Climate change and Agriculture: What is the Role of Wildlife in adaptation in South Africa?

Climate change poses a serious problem to agriculture sector especially livestock farming in South Africa. There is evidence based on climate models’ predictions that a +2.50 C to + 50 C temperature increase over the current level is likely to wipe out cattle or beef farms and shrink drastically sheep farms in the Southern Africa region. Beyond livestock, very few but expensive adaptation options exist in the arid and semi-arid areas. This is however changing as more farmers embrace wildlife ranching as an alternative adaptation option.

Increasingly, wildlife in Southern Africa is playing a significant role not initially anticipated but uniquely aligning itself as an important subsector under agriculture. This role played by wildlife though not conspicuously recognized under the agricultural sector, is growing with changing climate. In order for the role of wildlife ranching to be recognized and appreciated alongside agriculture and wildlife conservation, it is important to empirically understand how it performs under the current climate conditions when compared to livestock farms. This paper investigated the role of wildlife ranching as an adaptation option, looking at the environmental, economic and social factors that motivate livestock farmers into wildlife land use decisions.

We find that agriculture especially livestock production is strongly correlated to wildlife ranching. For example commercial livestock farmers with larger land and asset base are more likely to experiment with mixed livestock-wildlife ranching with a possibility of completely moving to wildlife ranching. From our comparative analysis, mixed-ranches are less vulnerable to climate change when compared to livestock and specialized wildlife ranches. A 10 C increase in temperature over the current level raises the probability of mixed ranches being chosen by about 3.92% while it leads to a 5.2% decline in the probability of livestock farms being chosen. We however note that revenues from specialized wildlife farms are on average higher than those from mixed ranchers or livestock ranches given the current climate scenario. Regardless, we see that farms with higher turnover are less likely to be bothered by climate change, at least in the short term.

With rising temperatures and decreasing rainfall towards 2100, we found that most livestock farms in Eastern Cape and Limpopo Provinces are likely to transit to either mixed or specialized wildlife ranching. More than 74% of livestock farms are likely to move to wildlife if the current trend is to continue while holding other factors constant. By 2050, about 12.5% of livestock farms and 7.2% of mixed farms are likely to move to specialized wildlife ranching.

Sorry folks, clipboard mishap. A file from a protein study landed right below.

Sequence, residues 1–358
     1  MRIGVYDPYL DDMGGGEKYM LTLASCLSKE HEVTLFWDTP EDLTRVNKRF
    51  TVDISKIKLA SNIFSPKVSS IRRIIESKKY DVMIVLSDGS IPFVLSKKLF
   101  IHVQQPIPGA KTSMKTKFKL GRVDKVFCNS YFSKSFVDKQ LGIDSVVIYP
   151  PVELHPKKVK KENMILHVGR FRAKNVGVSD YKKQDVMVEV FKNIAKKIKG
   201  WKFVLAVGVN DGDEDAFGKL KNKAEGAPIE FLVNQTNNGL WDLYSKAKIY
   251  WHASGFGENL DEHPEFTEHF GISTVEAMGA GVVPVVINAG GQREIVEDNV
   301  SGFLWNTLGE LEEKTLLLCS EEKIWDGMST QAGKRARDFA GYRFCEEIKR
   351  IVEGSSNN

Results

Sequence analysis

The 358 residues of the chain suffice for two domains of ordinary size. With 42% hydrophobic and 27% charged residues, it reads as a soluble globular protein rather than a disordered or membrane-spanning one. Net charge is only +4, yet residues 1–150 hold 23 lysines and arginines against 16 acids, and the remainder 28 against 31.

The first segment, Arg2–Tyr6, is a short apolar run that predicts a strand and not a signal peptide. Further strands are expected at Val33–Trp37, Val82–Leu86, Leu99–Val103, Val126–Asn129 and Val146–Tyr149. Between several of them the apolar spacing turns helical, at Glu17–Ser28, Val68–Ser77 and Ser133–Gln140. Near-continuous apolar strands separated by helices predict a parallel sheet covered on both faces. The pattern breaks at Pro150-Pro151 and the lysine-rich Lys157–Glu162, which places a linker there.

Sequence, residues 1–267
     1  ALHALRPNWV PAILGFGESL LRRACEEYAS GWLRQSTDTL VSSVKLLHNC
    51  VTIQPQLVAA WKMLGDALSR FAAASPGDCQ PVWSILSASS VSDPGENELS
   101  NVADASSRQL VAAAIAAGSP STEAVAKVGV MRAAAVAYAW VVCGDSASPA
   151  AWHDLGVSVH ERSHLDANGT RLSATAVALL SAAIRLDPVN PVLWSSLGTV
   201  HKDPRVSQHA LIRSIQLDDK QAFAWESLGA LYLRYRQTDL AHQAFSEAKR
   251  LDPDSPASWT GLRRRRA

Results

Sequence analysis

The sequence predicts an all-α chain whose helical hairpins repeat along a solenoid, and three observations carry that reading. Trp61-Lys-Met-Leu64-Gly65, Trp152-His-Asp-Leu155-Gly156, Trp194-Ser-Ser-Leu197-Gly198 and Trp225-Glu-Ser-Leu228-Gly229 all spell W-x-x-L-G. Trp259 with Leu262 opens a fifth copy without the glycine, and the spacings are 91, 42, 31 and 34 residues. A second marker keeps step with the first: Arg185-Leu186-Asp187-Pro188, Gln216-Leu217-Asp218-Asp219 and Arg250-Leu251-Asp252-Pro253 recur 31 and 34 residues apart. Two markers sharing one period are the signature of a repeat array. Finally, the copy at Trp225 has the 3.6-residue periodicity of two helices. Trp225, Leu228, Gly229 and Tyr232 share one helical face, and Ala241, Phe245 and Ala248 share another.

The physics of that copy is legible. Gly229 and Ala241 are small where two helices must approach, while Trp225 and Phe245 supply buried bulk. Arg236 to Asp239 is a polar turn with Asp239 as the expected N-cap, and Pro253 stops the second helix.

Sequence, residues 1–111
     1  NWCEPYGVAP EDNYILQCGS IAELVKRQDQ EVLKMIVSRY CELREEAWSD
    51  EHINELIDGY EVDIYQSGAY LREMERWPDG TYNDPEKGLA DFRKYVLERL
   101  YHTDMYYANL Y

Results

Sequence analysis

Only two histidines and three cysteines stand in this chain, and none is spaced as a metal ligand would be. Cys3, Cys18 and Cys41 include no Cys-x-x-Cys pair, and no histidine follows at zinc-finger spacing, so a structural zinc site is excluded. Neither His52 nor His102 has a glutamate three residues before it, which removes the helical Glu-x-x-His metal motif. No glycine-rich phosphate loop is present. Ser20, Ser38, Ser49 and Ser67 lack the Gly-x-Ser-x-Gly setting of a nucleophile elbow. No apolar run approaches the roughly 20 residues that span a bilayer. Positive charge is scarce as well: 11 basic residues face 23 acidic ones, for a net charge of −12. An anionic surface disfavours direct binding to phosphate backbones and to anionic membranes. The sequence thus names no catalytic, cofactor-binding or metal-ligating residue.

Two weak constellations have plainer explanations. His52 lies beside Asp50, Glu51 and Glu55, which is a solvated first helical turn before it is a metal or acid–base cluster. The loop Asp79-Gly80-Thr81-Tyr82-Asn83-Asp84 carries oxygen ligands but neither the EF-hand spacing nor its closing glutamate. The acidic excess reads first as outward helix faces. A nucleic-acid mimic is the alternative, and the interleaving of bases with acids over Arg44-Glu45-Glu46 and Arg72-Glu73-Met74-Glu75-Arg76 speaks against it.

Despite these findings, we are also aware that public protected areas face conservation challenges that limit their expansion and climate change is already driving several species of wildlife to extinction in such Parks as Kruger National park.  Ex-situ and matrix conservation approaches are seriously being considered as alternative avenues of conservation. Economic incentives have already led landowners in arid and semi-arid areas to use their land for non-agricultural activities such as ecotourism, breeding or hunting since they provide better returns. However, a much more structured integration of wildlife ranching and agriculture may go a long way in streamlining the sector and addressing pervasive issues that could hinder its growth. Currently not all provinces in South Africa have a game ranching strategy which implies that wildlife ranching at the provincial level is largely governed by multiple policies. Livestock farmers and communities are likely to shift land use as climate changes, it is important to acknowledge that though the costs involved in running a ranch is high, this will not stop communities from moving into wildlife ranching or selling off their parcel of land to wildlife ranchers.

Research Brief 70
1 June 2016

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